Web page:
Vinsamlegast notið þetta auðkenni þegar þið vitnið til verksins eða tengið í það: http://hdl.handle.net/1946/24332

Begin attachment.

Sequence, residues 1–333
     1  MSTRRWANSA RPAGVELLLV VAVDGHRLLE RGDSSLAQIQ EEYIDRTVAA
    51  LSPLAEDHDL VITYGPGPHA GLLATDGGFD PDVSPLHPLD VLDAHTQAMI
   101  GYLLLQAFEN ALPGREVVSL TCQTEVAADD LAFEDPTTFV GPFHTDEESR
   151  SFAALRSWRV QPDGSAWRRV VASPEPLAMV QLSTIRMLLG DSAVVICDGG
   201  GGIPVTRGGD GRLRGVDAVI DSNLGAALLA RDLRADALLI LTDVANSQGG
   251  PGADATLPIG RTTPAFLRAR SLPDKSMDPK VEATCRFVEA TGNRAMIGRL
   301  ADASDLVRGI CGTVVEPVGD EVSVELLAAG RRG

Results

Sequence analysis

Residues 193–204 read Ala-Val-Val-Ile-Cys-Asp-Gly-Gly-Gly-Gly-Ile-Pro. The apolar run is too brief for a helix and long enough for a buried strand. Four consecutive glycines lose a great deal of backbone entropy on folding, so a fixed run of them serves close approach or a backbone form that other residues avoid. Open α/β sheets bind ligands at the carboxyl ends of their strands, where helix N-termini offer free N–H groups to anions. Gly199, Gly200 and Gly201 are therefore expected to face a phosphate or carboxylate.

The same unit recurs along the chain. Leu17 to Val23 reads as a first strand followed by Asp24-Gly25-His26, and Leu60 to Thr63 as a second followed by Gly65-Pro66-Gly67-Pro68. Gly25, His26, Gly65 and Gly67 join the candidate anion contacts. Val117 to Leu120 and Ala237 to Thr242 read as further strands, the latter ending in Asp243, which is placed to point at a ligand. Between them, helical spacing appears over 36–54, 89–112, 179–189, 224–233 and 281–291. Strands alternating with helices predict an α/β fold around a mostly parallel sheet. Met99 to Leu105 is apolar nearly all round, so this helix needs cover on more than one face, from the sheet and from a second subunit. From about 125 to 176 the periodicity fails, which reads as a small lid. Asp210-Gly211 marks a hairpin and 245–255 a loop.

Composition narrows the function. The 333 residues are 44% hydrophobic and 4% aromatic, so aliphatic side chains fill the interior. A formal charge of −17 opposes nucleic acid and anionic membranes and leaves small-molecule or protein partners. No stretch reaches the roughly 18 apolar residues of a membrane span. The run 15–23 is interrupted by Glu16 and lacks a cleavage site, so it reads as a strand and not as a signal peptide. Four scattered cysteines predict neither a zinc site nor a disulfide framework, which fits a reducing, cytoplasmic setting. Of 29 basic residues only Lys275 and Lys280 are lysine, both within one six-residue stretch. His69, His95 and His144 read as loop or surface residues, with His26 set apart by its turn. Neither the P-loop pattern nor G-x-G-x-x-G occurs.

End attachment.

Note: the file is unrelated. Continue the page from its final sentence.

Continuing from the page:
This essay explores the unique properties of the Gothic and the uncanny in Scottish literature through the contemporary novels Memento Mori by Muriel Spark and The Accidental by Ali Smith as well as the 19th century works The Private Memoirs and Confessions of a Justified Sinner by James Hogg and The Master of Ballantrae by Robert €Louis Stevenson. It discusses the importance of the Scottish split psyche and how this influences the treatment of gothic and uncanny elements in Scottish literature, with an emphasis on these four texts. An analysis is offered of the novels’ approaches to authenticity and objective truths and to what extent the authors believe such objective truths even exist. Although these novels were published at different times over a period of almost two centuries, they all demonstrate a persistent struggle with the elusive nature of reality and identity through portraying characters of questionable reliability. The uncanny is employed in such a way that it provides characters that exist both as symbolic archetypes and regular people, as the coexistence of the two defies conventional storytelling and human recognition. All this is employed, along with gothic devices such as portents of doom and mysterious strangers from afar, to create unnerving works that question the reader’s beliefs in singular or absolute truths, as devotion to such singular truths is shown as destructive in many instances across these works. The essay also highlights the usage of these uncanny elements to propel the plots of these four novels, as both fear and fascination of the unknown and the unusual push the characters towards their destinations against their better judgement.